For me voting is a responsibility. Election Day was a few days ago and some people did not consider this an important election because it is an off-year election. However, even in off-year elections persons elected will be making important decisions affecting the lives of those they represent.
As I have done since reaching voting age, I voted. For the last five or six years I have been away from my voting precinct on Election Day. I, therefore, make arrangements to vote absentee. My vote is as important as any other person. As an African American woman I recognize the hard work of my ancestors who struggled to make sure my right to vote was not denied. My failure to exercise that right would be an abomination to those who fought and died in the struggle.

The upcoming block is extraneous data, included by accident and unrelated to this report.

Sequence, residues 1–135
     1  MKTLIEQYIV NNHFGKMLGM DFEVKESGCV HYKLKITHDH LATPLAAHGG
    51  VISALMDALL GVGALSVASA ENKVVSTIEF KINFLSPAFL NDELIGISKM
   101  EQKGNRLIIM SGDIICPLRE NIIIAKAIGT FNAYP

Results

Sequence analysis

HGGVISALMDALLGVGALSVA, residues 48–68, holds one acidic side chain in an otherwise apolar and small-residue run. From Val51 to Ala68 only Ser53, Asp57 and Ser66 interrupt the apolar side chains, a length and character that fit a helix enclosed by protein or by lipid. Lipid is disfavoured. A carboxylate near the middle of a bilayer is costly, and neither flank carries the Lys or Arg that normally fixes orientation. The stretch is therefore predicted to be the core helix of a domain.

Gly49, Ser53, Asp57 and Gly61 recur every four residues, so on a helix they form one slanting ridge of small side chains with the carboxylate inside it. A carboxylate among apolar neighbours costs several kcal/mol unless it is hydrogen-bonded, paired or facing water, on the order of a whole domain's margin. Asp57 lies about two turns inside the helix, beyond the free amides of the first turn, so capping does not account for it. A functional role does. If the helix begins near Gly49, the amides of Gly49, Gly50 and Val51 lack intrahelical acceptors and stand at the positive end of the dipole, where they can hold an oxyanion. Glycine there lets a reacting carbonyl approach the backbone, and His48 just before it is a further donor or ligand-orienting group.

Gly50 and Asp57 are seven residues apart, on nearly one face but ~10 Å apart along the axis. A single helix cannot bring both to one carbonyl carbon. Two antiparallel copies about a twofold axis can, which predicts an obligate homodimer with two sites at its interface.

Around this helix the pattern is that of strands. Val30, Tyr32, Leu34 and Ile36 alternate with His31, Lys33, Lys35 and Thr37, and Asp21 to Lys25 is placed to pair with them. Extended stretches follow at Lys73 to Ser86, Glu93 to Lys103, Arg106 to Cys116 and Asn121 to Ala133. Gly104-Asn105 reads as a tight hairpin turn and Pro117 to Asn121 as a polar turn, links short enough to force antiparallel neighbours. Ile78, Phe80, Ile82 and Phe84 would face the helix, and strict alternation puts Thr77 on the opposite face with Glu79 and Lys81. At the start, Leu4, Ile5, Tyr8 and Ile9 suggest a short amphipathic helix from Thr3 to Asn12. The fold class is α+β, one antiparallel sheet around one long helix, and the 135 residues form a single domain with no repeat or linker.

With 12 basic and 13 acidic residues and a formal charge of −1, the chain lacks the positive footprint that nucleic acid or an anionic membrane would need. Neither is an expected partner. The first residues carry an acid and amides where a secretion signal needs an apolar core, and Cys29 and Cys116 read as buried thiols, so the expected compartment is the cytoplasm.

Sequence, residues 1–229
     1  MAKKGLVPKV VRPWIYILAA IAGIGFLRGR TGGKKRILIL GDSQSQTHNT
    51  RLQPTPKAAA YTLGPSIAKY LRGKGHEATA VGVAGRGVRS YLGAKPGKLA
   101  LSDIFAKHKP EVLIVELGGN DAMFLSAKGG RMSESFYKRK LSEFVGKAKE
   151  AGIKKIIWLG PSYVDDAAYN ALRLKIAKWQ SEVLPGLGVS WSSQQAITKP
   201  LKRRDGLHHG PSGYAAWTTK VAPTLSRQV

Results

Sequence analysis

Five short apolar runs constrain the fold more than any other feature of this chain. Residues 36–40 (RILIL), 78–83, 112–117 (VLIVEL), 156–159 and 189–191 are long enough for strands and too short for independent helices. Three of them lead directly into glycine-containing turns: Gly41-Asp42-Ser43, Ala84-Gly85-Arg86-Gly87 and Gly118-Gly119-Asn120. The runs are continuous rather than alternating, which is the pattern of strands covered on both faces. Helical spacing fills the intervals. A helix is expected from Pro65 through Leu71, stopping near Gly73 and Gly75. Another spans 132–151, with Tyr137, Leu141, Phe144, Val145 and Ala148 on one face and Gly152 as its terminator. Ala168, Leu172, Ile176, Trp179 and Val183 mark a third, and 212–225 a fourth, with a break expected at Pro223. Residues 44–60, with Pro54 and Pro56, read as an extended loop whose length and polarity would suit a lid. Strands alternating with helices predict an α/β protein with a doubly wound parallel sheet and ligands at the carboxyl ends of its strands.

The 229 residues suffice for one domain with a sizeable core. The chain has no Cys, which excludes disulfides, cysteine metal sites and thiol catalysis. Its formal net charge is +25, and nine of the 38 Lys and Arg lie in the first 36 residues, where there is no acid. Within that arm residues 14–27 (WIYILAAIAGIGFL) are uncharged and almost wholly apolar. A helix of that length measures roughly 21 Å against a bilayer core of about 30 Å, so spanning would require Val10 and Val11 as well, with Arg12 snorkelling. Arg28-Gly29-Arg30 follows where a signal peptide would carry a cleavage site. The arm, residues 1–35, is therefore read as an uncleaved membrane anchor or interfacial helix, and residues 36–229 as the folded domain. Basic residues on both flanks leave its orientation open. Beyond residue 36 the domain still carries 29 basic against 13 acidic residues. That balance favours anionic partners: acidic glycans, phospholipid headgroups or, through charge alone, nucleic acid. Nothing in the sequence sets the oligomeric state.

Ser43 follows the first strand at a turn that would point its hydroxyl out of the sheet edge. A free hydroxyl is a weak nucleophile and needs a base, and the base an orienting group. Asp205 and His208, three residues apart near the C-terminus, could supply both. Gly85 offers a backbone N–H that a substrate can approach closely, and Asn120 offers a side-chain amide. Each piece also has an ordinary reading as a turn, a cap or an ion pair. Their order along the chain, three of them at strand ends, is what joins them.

Frequently I reflect on the days growing up on a small farm in Virginia and witnessing my parents around election time. My mother, an educated woman not only voted but worked at the polls on Election Day. On a regular basis she worked with those organizations that fought to protect the voting rights of all citizens. My father was not an educated man. He could not read or write but on Election Day he always made his “X” on the ballot. He knew the importance of making his mark.
Whatever your status in life examine your participation in the election process. If you have always voted, continue to do so even when making the choice is difficult. If, however, you have never voted or for some reason stopped exercising your right to do so, get back on track and get involved.
Make sure your mark is felt.
Causes Lillian Lambert Supports
American Cancer Society, American Heart Assn, Howard Universit, Impact 100 of Richmond